Governor Scott Walker's administration says the state finished the last fiscal year with a $135 million surplus.
Here are the actual General Fund figures that were in the report released today.
Starting 2014-15 Balance $516.9 million
Revenues + Adjustments $15,213.5 million
Expenses + Adjustments $15,594.8 million
Ending 2014-15 Balance $135.6 million
2014-15 change in balances -$381.3 million
In other words, that’s not a surplus in the last fiscal year, that’s a deficit. Yes, the ending cash balance of $135.6 million is much better than the $254,000 that was projected in the Governor’s Budget last Spring, but let’s not go celebrating the fact that for the second straight year, Scott Walker and the Wisconsin GOP put together a budget that overspent its revenues (the 2013-14 deficit was $242.3 million). Now there is very little cushion left in case there’s another shortfall in this fiscal year, in a time when the economy may be slowing down.
2. So how did we get to this "positive" cash balance when we had a Fiscal Year 2015 deficit projected in at the start of this year? Joint Finance Democratic Reps Gordon Hintz and Chris Taylor can help explain.
The $418.9 million difference between a January budget estimate by the non-partisan Legislative Fiscal Bureau and the current balance shows that increased tax collections of $71.4 million accounted for just a small portion of the budget fix. The majority of the “surplus” was manufactured from:That’s right. If the can wasn’t kicked further down the road, and if state employees weren’t (again) forced to bear the brunt of mistakes made by elected officials in budgeting, we would have ended up in the red for this year. Even after starting out over a half-billion dollars up.
·Delaying a $108 million debt payment that was due in May of 2015, impacting the next budget in the form of additional debt service payments and interest costs
·Raiding $98 million from compensation reserves (increases in pay and benefits that were projected for state employees).
·Spending lapses of an additional $102 million.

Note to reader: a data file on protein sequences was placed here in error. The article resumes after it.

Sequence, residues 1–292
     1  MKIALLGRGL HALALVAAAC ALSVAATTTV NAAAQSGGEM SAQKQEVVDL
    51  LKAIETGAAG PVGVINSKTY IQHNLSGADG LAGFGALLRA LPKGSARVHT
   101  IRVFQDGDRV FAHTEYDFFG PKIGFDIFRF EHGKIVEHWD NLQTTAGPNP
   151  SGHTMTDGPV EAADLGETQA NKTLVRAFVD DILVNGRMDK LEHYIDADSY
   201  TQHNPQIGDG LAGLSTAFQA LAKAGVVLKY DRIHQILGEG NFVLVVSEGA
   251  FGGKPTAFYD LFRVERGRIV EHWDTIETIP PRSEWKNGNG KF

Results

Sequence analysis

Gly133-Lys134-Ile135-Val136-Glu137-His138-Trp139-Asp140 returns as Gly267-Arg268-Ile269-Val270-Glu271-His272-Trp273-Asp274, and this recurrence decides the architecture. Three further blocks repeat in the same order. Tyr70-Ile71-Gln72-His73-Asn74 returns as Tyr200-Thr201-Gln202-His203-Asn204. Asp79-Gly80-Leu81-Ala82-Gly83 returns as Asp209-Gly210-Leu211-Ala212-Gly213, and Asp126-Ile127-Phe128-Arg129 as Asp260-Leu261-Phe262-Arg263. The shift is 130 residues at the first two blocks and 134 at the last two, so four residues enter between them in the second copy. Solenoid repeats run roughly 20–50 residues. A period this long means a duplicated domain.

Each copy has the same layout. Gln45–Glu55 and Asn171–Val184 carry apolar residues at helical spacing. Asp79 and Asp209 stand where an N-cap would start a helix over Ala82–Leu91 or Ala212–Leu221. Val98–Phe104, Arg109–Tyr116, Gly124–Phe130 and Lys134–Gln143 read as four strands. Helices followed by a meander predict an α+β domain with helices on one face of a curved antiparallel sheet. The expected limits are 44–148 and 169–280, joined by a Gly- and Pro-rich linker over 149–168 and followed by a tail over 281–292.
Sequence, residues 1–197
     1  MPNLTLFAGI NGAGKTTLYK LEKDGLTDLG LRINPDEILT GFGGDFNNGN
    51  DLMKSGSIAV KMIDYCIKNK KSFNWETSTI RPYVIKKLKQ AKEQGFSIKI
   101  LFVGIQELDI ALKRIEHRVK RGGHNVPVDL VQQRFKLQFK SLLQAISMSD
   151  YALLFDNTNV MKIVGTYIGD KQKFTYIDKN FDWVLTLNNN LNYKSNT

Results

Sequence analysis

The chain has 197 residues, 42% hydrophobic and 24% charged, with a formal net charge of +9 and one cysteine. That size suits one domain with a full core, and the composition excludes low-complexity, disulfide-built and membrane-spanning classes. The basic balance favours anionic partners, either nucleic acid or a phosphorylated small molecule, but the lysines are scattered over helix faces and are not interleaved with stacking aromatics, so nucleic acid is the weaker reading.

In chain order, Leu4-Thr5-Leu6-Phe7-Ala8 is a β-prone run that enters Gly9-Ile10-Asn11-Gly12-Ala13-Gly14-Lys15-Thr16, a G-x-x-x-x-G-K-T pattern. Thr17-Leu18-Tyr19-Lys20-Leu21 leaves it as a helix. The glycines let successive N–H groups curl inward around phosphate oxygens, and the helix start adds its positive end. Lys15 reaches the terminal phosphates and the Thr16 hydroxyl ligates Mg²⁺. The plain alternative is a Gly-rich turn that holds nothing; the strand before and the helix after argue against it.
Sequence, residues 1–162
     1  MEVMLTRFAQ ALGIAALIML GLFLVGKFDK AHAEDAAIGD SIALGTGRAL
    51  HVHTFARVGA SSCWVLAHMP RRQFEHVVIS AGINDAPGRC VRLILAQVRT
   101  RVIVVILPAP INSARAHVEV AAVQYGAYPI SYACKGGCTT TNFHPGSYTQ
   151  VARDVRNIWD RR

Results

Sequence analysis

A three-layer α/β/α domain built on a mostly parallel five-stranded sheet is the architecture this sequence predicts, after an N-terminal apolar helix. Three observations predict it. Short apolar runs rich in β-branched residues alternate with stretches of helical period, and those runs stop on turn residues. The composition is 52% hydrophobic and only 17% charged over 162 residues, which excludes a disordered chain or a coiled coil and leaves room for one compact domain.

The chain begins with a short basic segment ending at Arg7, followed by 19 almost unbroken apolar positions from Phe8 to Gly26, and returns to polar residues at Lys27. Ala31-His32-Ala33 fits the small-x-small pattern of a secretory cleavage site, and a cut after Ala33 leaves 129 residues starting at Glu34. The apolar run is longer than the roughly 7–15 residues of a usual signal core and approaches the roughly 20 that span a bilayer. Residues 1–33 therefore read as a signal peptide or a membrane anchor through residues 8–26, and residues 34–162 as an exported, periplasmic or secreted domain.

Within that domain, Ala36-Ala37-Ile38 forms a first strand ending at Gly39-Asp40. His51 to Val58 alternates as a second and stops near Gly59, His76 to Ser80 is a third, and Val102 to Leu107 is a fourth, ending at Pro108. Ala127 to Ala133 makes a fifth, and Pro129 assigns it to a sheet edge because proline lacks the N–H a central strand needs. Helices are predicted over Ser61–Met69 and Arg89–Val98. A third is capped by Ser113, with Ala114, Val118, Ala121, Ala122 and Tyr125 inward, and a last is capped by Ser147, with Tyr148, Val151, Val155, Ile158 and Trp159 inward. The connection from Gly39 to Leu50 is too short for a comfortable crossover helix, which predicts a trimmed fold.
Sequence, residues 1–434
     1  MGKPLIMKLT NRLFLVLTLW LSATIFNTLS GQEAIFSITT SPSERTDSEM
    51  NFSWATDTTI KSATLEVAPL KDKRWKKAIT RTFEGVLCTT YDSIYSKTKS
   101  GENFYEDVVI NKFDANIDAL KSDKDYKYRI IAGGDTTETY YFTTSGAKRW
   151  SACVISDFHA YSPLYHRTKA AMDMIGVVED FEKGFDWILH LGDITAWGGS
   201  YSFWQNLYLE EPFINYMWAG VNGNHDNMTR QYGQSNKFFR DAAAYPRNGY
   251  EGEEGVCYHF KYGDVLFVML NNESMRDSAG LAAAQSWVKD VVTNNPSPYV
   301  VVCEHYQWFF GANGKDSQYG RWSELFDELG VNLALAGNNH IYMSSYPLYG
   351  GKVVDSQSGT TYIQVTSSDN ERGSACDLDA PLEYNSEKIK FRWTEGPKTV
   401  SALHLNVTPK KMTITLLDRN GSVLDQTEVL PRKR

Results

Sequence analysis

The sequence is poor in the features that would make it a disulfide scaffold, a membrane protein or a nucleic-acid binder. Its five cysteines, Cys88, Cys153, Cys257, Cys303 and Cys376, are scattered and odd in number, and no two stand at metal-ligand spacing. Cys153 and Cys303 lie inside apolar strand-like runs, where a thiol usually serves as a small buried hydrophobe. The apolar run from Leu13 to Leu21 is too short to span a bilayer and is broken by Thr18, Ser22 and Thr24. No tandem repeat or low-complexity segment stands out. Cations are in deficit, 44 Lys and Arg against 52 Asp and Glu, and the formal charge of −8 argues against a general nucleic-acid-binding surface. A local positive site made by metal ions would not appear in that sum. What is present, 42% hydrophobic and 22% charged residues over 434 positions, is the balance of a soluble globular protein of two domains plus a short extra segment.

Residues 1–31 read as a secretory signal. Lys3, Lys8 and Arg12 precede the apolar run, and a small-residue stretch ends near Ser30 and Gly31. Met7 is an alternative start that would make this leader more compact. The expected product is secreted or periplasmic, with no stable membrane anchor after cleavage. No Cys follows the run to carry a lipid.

And by the way, even with the skipped debt payment and the extra lapses, the total lapse for Fiscal Year 2014-15 was $534.7 million- meaning another $200 million more would have had to have been cut to reach 2016-17’s budgeted lapse of $740 million. And there are practically no compensation reserves to raid in this next budget, either. Ruh roh.
3. The Transportation Fund had its own upside surprise in this report, as the DOA reported that it ended up at a cash balance of $203.8 million- or $140 million above what was projected in the recently-passed state budget. The reason for that increase is derived from a variety of good bumps in revenue compared to the projections that were originally part of the 2013-15 budget.
Transportation Fund revenues FY 2014-15 vs budget
Gas tax +$22.1 million
Vehicle Registration Fees +$30.6 million
Savings in Bond Debt Service +$14.8 million
General Fund Transfer +$18.2 million ($171.0 million total)
Railroad Property Taxes +$4.2 million
It seems like motorists were driving more in Wisconsin and state residents got a few more cars in the last couple of years (makes some sense during an economic expansion), which means there’s more money to play with for future years. This would make it a lot easier to make a supplemental request to the Joint Finance Committee to release funds to help end some delays on state highway projects, or to help communities pay for their local roads instead of having property taxes raised or new wheel taxes imposed.
But while the extra $140 million in Transportation Fund money is nice, we still need another $210 million in new borrowing or tax increases just to avoid the numerous additional delays on key highways that are projected in the next 2 years. This is an issue that still requires major work and a reordering of priorities, which is work that Scott Walker and the Wisconsin GOP have refused to deal with despite increasing calls for action.
By the same token, just because we had an upside number that totals less than 1% of the General Fund budget, it does not vindicate Walker and WisGOP on the fiscal policies that put us where we are today. The reckless, deficit-ridden budgets from 2013-15 are the direct reason for the budget cuts to public education, state parks, and road repair that we are now dealing with. And barring an economic boom in the next 2 years that majorly raises wages and consumption in Wisconsin (hah!), we still will have major budget cuts to come.
So as this guy might put it, let’s not start enjoying each other’s popsicles quite yet when it comes to Wisconsin's budget situation.